Lisa Weier is enjoying our rather mild weather but she knows winter is just around the corner, and that’s OK with her. In fact, she’s looking forward to the return of the snow and the cold because, as she writes today in The Scroll, “it will be beautiful.”
Father Dennis Dease hasn’t even carved his turkey or made his dressing and he’s already thinking about Christmas. That’s good news, because the president has an early present for you this year: the promise of two extra paid holidays – Dec. 23 and 28 – to create a whole week off. Read the details today in The Scroll.
Everyone has been stunned by the events that have occurred this month at Penn State University. In the aftermath of that tragedy, Father Dennis Dease, president of St. Thomas, writes today in The Scroll of the need for prayers for the victims and vigilance to ensure such events never occur here.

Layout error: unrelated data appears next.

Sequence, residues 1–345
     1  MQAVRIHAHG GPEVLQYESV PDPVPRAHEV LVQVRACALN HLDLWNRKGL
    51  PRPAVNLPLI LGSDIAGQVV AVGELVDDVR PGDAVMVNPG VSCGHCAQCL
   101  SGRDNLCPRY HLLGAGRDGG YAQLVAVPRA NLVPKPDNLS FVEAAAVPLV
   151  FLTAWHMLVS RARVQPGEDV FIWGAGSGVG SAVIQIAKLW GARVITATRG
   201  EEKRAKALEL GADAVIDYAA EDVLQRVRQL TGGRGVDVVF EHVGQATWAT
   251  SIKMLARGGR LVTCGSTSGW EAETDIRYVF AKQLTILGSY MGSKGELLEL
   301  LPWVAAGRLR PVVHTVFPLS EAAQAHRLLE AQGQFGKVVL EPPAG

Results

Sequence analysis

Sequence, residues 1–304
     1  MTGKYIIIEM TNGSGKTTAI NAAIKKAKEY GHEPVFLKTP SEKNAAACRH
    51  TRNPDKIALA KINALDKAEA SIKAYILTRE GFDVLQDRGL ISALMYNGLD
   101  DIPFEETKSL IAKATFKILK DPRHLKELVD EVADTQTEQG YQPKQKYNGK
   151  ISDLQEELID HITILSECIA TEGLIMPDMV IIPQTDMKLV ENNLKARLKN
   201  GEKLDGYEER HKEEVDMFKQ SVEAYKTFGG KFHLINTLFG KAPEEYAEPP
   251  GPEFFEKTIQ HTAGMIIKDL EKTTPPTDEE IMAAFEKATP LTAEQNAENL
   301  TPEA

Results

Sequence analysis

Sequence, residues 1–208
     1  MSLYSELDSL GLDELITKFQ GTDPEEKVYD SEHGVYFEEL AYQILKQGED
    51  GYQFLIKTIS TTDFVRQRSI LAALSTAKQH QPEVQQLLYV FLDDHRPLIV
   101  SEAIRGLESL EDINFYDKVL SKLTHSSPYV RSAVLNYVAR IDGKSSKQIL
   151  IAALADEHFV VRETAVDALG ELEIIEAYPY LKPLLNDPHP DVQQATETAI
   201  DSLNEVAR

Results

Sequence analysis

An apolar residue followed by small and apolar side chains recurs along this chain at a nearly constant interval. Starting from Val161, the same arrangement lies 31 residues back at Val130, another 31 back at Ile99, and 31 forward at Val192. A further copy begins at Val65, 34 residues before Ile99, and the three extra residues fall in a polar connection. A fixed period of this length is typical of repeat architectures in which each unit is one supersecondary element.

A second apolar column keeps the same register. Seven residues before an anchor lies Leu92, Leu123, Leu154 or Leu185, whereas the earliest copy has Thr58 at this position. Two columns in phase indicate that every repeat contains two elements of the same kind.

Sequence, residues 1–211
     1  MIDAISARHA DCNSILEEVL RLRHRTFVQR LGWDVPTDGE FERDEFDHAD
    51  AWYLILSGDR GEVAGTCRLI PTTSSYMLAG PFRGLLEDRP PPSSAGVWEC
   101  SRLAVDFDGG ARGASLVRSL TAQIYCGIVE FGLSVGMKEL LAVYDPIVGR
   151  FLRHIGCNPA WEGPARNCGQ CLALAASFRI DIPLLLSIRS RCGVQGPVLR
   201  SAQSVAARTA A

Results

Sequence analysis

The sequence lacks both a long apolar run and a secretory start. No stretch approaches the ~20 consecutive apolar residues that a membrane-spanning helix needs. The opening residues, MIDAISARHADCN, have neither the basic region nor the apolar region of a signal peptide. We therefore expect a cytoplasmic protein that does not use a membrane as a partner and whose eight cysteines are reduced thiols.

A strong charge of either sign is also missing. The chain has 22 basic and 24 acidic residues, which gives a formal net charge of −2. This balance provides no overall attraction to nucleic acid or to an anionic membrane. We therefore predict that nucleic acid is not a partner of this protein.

Carol Bruess was surprised, and pleasantly so, on a recent fall-break Friday when she ran across two students buried in their studies in O’Shaughnessy-Frey Library Center. What she also saw also intrigued and inspired her: They were studying by candle. It turns out that’s against the rules, she writes today in The Scroll, but she still found their ingenuity “one more reason I adore the college campus – especially ours.”
Martha McCarthy was psyched. The business alumna was attending the Fowler Business Challenge last month as an observer, having been a participant twice as a student, and was wowed by two of the teams pitching business proposals. They gave her a whole new sense of what is meant by the St. Thomas tagline, “Challenge Yourself, Change Our World,” she writes today in The Scroll.
Dave Nimmer is glad he doesn’t have to pay for a college education these days. He knows it’s expensive, but he’s doing something to make a difference: He contributes to a scholarship fund as part of the Opening Doors capital campaign. You could, too, he writes today in The Scroll.